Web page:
poll vs select vs event-based
I failed to find a thorough comparison page on
select() so I wrote my own. If you find flaws or have additions, please let me know!
File issues or pull-requests if you find problems or have improvements.
My 2010 blog post "poll vs select" also provides some background.
select() and at the end some mentions about the more modern event-driven alternatives such as
epoll(), kqueue and more. I recommend using a library such as libev or libevent.
Those libs make it possible to write event-based programs in a portable manner, as the underlying technologies like epoll (Linux), kqueue (FreeBSD, NetBSD, OpenBSD, Darwin) and /dev/poll(Solaris, HPUX), pollset (AIX), Event Completion (Solaris 10) are different between platforms and aren't standard. The Windows solution seems to be I/O Completion Ports.
select() was introduced in 4.2BSD Unix, released in August 1983.
poll() was introduced in SVR3 Unix, released 1987. In Linux, the poll() system call was introduced in 2.1.23 (January 1997) while the poll() library call was introduced in libc 5.4.28 (May 1997)
select() and poll() provide basically the same functionality. They only differ in the details:
select() overwrites the
fd_set variables whose pointers are passed in as arguments 2-4, telling it what to wait for. This makes a typical loop having to either have a backup copy of the variables, or even worse, do the loop to populate the bitmasks every time select() is to be called. poll() doesn't destroy the input data, so the same input array can be used over and over.
poll() handles many file handles, like more than 1024 by default and without any particular work-arounds. Since select() uses bitmasks for file descriptor info with fixed size bitmasks it is much less convenient. On some operating systems like Solaris, you can compile for support with > 1024 file descriptors by changing the
poll offers somewhat more flavors of events to wait for, and to receive, although for most common networked cases they don't add a lot of value.
Different timeout values. poll takes milliseconds, select takes a struct timeval pointer that offers microsecond resolution. In practice however, there probably isn't any difference that will matter.
Going with an event-based function instead should provide the same functionality as well. They do however often force you to use a different approach since they're often callback-based that get triggered by events, instead of the loop style approach select and poll encourage.
poll and select are basically the same speed-wise: slow.
They both handle file descriptors in a linear way. The more descriptors you ask them to check, the slower they get. As soon as you go beyond perhaps a hundred file descriptors or so - of course depending on your CPU and hardware
- you will start noticing that the mere waiting for file descriptor activity and the following checking which file descriptor that it was, takes a significant time and becomes a bottle neck.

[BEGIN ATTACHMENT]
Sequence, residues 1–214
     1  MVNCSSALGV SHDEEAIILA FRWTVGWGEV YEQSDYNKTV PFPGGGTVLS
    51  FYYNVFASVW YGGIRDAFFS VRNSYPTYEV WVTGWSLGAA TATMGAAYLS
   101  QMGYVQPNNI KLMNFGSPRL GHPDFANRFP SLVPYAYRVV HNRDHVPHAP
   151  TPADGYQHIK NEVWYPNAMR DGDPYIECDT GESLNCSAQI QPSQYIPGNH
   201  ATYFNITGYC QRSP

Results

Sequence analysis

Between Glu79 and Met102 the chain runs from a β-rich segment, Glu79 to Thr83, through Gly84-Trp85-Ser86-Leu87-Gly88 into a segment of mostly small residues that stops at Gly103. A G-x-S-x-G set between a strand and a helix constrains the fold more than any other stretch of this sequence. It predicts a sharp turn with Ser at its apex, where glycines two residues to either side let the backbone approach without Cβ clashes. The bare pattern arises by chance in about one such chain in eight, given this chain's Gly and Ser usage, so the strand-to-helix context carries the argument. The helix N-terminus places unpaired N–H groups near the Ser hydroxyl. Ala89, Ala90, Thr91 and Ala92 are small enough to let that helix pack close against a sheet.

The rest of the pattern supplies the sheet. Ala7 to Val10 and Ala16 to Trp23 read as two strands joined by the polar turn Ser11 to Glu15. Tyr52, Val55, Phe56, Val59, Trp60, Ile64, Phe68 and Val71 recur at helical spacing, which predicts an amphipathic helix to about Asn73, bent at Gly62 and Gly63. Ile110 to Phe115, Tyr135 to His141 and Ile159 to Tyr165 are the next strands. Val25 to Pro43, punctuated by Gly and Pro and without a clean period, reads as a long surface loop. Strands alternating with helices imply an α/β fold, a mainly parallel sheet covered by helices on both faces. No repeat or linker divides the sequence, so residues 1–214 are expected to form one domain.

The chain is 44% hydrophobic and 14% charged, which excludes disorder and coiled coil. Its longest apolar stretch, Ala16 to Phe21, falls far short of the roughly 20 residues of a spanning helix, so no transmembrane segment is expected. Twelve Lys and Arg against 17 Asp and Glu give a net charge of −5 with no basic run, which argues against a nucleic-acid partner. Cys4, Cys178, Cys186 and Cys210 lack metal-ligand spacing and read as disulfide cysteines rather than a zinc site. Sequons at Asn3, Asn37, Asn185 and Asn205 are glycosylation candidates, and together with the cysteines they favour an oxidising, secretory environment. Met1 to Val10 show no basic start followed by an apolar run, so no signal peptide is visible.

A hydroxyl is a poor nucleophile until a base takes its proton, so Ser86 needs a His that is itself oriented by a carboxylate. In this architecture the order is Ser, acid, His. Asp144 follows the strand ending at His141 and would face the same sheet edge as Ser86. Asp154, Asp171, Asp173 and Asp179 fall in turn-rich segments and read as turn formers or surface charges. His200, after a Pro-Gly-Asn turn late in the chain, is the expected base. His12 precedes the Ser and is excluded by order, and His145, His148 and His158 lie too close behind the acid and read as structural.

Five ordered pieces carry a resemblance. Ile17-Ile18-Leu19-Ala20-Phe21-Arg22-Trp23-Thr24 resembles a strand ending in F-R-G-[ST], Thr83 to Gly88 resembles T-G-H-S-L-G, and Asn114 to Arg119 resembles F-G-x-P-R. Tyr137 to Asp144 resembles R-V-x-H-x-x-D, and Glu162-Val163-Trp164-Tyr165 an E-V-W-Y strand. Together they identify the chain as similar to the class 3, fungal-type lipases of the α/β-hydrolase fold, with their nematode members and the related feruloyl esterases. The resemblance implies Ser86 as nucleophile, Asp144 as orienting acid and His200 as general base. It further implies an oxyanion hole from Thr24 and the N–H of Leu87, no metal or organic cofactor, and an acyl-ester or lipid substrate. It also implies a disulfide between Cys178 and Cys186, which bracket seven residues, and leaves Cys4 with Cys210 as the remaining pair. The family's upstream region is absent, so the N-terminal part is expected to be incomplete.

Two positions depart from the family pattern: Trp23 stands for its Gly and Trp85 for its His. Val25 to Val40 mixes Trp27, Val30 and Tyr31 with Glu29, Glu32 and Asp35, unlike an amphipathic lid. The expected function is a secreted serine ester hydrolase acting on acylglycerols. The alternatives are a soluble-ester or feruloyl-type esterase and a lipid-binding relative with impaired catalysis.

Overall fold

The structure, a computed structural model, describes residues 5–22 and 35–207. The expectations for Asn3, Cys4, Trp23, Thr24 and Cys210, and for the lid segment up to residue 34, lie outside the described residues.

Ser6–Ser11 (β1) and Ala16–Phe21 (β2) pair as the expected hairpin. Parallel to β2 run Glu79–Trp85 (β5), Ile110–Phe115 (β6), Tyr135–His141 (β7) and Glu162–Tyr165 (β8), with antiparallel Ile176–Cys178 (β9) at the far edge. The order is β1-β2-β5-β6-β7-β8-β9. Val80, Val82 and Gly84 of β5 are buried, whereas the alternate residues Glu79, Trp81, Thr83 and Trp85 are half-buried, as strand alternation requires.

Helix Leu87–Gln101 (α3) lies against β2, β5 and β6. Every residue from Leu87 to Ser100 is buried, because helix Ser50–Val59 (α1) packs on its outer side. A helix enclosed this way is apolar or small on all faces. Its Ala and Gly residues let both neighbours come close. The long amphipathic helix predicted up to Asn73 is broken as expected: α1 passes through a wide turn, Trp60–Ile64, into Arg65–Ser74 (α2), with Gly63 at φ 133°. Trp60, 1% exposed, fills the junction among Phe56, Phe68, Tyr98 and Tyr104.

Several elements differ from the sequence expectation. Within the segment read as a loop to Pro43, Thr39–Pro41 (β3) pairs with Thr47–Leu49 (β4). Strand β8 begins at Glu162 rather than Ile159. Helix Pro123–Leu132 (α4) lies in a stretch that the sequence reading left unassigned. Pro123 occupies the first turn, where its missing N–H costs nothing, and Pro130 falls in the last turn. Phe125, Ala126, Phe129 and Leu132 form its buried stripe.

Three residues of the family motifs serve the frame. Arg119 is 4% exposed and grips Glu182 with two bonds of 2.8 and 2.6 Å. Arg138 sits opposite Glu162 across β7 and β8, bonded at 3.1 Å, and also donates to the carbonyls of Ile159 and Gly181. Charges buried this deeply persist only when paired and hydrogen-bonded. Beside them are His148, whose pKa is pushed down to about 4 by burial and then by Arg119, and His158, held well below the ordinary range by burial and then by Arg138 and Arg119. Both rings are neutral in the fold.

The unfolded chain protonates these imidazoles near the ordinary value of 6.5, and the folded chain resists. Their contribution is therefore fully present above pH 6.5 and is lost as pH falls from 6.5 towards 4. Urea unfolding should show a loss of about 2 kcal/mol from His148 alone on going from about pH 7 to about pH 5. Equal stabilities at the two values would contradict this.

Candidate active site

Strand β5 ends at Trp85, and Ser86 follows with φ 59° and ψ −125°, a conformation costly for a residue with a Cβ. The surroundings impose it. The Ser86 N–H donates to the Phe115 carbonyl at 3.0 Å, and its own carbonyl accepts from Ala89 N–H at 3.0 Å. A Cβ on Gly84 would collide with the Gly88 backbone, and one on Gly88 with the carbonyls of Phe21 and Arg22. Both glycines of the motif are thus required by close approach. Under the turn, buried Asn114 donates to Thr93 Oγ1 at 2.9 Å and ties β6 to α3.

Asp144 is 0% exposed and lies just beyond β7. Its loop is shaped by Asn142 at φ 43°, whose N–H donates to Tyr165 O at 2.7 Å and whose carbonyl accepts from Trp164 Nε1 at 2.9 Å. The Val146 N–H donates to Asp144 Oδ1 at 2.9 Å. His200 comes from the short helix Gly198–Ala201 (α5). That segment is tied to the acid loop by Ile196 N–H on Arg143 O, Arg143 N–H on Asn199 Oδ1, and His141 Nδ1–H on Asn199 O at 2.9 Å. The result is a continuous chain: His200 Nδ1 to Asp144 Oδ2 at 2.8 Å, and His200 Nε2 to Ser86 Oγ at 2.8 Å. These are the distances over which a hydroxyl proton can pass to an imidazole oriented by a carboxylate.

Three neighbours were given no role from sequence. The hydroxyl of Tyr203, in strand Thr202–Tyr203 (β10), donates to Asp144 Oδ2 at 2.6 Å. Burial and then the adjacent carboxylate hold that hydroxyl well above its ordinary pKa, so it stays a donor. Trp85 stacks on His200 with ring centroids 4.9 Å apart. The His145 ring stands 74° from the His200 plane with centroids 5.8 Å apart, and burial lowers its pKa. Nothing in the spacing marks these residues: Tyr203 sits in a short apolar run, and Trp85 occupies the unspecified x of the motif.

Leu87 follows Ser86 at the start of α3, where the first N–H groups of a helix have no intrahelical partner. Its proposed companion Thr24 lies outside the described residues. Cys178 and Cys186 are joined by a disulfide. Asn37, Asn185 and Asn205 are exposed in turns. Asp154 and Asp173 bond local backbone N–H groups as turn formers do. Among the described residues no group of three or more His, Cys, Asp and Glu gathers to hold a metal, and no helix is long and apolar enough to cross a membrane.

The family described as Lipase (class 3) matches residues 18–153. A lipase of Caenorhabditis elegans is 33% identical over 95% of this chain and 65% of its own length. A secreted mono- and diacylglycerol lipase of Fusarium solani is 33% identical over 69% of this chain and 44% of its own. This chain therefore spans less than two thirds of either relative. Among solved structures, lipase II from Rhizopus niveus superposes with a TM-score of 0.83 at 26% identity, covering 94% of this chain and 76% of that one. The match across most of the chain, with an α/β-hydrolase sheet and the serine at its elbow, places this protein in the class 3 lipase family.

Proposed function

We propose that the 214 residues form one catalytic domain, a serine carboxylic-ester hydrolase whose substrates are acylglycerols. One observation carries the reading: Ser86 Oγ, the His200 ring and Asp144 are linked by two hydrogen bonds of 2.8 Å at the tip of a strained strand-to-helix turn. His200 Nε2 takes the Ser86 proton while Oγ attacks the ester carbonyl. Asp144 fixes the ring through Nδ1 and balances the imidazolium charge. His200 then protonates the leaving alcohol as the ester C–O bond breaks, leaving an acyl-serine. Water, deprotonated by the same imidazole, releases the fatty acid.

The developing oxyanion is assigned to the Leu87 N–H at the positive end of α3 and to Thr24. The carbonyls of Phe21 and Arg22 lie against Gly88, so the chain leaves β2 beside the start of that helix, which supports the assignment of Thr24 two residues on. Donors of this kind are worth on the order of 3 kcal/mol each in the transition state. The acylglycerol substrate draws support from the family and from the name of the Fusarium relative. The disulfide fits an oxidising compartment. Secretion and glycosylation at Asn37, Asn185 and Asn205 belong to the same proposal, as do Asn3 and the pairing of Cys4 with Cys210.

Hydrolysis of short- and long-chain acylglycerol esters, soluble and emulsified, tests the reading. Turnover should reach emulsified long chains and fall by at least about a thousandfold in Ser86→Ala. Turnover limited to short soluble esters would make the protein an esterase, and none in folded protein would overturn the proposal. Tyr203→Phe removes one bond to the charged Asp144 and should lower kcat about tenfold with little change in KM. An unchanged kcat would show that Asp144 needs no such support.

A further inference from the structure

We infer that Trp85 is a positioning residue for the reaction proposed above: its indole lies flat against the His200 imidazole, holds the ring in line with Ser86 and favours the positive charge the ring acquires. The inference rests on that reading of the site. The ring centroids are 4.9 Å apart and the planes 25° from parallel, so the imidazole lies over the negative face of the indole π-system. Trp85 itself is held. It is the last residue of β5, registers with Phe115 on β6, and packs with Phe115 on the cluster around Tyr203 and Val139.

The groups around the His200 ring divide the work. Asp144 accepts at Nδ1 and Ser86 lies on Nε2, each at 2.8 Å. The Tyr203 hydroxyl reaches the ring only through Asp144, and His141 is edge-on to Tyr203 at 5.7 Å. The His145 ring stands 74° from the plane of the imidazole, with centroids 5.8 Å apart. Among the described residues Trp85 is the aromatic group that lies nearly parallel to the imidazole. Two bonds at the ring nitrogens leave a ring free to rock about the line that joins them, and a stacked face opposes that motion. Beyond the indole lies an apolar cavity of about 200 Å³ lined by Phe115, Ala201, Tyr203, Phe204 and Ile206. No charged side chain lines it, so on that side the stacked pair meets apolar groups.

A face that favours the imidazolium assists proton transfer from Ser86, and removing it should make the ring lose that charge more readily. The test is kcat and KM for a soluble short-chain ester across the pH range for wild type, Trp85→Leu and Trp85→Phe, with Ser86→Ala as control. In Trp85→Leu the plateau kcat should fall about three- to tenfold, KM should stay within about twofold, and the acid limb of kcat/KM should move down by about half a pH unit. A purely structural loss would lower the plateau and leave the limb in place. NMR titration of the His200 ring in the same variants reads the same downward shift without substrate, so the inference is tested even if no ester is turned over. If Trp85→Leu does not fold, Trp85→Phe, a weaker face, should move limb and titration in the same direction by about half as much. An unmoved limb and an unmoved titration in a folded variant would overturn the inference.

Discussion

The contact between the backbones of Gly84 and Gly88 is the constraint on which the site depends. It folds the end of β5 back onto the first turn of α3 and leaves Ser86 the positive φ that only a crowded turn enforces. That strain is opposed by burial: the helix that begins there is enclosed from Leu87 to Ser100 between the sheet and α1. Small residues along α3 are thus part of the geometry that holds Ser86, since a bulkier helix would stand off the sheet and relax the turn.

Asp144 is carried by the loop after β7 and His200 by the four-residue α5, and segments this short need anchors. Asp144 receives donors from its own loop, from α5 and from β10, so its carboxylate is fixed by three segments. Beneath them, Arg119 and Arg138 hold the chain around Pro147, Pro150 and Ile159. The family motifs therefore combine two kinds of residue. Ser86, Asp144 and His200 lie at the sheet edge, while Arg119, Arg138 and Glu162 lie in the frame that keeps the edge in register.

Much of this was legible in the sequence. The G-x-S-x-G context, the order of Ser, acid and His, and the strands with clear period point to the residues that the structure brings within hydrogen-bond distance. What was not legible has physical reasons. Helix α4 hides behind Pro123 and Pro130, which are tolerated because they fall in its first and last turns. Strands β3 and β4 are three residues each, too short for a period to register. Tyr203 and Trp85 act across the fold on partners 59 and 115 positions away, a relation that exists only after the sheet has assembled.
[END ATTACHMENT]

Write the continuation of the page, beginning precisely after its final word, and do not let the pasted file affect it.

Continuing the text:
The select() API with a "max fds" as first argument of course forces a scan over the bitmasks to find the exact file descriptors to check for, which the poll() API avoids. A small win for poll().
select() only uses (at maximum) three bits of data per file descriptor, while poll() typically uses 64 bits per file descriptor. In each syscall invoke poll() thus needs to copy a lot more over to kernel space. A small win for select().
Going with an event-based function is the only sane option if you go beyond a small number of file descriptors. The libev guys did a [benchmarking] (http://libev.schmorp.de/bench.html) of libevent against libev and their results say clearly that libev is the faster one.
Compared to poll and select, any event-based system will give a performance boost already with a few hundred file descriptors and then the benefit just grows the more connections you add.
select - has existed for a great while and exists almost everywhere. A problem with many file descriptors is that you cannot know if you will overflow the bitmask as you can't check the file descriptor against
FD_SETSIZE in a portable manner.
Many unix versions allow
FD_SETSIZE to be re-defined at compile time, but Linux does not.
One quirk is that the include header required for the
fd_set type varies between systems.
Some - but not all - systems modify the timeout struct so that on return from select, the program can know how long time actually passed. If you repeat select() calls, you need to init the timeout struct each loop!
poll - Not existing on older unixes nor in Windows before Vista. Broken implementation in Mac OS X at least up to 10.4 and earlier. Up to 10.3 you could check for a poll() that works with all arguments zeroed. The 10.4 bug is more obscure and I don't know of any way to detect it without checking for OS.
Lots of early implementations did poll as a wrapper around select().
poll's set of bits to return is fairly specific in the standards, but vary a lot between implementations.
All event-driven functions tend to make the code more complex, harder to follow and require more code to be written to accomplish the same task as the simple select and poll approaches do.
For everyhing select/poll/event-based, there's the C10K problem page, which is a true goldmine.
For great benchmarks on network scalability on a few operating systems, see Felix von Leitner's work.
The following friends helped me improve this text by pointing out flaws or enhancements:
Fabian Keil, Andras Farkas
Updated: June 18, 2022 12:25 (Central European, Stockholm Sweden)